1. ## Sequences

Let (xn) and (yn) be two sequences. Let (zn) be the shuffled sequence:
z1=x1, z2=y1, z3=x2, z4=y2.....z(2n-1)=xn, z(2n)=yn...

Prove that (zn) converges, which implies that both (xn) and (yn) converge.

Can someone help?
Thanks.

2. Originally Posted by JaysFan31
Let (xn) and (yn) be two sequences. Let (zn) be the shuffled sequence:
z1=x1, z2=y1, z3=x2, z4=y2.....z(2n-1)=xn, z(2n)=yn...

Prove that (zn) converges, which implies that both (xn) and (yn) converge.

Can someone help?
Thanks.
Counterexample:
Let
x_n = n
y_n = n^2

None of the sequences x, y, z converge.

Do you mean the question to say that "if {z_n} converges then {x_n}, {y_n} converge"?

-Dan

3. Originally Posted by topsquark
Do you mean the question to say that "if {z_n} converges then {x_n}, {y_n} converge"?
Yes.

------
I did not try to solve this problem but I am thinking:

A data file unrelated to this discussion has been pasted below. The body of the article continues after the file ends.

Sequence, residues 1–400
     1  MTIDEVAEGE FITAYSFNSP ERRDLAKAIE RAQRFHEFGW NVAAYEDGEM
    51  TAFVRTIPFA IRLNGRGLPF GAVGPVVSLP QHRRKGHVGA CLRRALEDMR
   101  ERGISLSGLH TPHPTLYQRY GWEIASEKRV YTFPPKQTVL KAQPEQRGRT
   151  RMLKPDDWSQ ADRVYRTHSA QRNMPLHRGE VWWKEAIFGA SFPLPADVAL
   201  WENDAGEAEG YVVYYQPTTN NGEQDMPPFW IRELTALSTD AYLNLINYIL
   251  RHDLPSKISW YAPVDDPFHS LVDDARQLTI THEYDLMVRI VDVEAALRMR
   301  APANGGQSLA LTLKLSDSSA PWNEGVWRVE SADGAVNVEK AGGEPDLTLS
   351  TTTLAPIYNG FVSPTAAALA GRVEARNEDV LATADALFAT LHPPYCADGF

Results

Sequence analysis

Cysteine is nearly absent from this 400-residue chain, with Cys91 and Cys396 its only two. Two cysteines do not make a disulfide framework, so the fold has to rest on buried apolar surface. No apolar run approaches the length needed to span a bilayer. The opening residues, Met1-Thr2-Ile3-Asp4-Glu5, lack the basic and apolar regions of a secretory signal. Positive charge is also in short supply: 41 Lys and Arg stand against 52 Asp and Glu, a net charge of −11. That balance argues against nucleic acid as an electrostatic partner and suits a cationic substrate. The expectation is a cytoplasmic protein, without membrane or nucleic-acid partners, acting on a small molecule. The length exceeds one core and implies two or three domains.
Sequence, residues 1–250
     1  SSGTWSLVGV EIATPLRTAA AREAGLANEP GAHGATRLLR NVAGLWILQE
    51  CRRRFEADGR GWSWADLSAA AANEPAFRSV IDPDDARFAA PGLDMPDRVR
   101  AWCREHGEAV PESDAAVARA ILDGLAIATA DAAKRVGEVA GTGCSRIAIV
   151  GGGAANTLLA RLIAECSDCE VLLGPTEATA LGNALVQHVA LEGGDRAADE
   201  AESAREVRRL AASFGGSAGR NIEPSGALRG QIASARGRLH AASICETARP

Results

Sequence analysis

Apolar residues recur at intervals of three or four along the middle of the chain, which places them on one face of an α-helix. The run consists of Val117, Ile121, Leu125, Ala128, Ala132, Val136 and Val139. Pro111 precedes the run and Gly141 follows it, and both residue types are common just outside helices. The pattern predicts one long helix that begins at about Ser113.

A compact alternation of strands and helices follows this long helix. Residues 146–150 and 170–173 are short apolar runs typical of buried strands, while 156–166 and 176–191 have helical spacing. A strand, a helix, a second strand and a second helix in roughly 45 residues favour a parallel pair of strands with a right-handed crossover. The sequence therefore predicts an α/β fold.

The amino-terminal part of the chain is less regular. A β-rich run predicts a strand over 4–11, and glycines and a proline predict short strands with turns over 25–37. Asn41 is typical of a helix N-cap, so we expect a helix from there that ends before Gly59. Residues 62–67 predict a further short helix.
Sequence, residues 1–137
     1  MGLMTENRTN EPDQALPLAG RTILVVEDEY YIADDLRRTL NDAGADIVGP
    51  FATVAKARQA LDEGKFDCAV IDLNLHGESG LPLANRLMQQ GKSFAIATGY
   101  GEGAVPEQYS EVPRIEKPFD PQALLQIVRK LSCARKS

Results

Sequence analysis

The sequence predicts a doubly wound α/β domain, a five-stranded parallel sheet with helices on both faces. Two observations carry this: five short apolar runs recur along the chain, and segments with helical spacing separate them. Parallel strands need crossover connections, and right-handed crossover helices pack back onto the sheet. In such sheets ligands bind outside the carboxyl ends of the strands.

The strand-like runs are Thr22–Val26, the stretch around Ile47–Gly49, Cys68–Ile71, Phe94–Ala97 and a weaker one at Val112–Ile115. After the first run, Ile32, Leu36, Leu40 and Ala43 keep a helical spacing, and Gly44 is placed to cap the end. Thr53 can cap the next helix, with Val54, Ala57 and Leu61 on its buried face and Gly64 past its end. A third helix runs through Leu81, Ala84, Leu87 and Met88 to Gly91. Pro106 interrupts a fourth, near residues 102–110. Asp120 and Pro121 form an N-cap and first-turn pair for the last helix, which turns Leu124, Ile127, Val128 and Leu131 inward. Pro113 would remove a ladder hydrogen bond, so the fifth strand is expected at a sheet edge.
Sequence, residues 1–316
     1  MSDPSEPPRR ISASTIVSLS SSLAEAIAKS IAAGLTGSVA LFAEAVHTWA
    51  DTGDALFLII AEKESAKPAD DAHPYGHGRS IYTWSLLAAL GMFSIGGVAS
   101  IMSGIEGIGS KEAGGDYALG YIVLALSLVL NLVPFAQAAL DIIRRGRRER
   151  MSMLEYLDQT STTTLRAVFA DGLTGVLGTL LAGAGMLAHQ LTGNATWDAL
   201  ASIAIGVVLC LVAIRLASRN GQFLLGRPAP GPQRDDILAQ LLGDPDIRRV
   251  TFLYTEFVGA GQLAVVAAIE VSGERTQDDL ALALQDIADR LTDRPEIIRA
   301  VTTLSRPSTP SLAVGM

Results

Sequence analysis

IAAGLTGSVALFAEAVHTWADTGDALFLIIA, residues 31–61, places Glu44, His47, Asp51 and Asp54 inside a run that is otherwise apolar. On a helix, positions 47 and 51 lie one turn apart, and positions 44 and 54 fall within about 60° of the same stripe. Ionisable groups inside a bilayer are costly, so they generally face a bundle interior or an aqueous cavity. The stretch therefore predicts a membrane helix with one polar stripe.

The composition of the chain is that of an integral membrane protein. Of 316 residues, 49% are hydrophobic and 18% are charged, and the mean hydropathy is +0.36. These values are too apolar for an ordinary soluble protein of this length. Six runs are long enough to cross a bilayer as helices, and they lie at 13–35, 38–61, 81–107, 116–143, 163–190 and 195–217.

If the sequence {z_n} converges then the odd and even subsequences converge that is,
z_1,z_3,z_5,... -----> Converges
z_2,z_4,z_6,... -----> Converges

But the odd-even subsequences are the sequences x_n and y_n. Thus, {x_n} and {y_n} both converges.

Is that not true?

4. Originally Posted by topsquark

Do you mean the question to say that "if {z_n} converges then {x_n}, {y_n} converge"?
If so, use the fact that a sequence converges iff every subsequence
converges then the result is trivial. So maybe we should conclude that
you don't know this principal?

RonL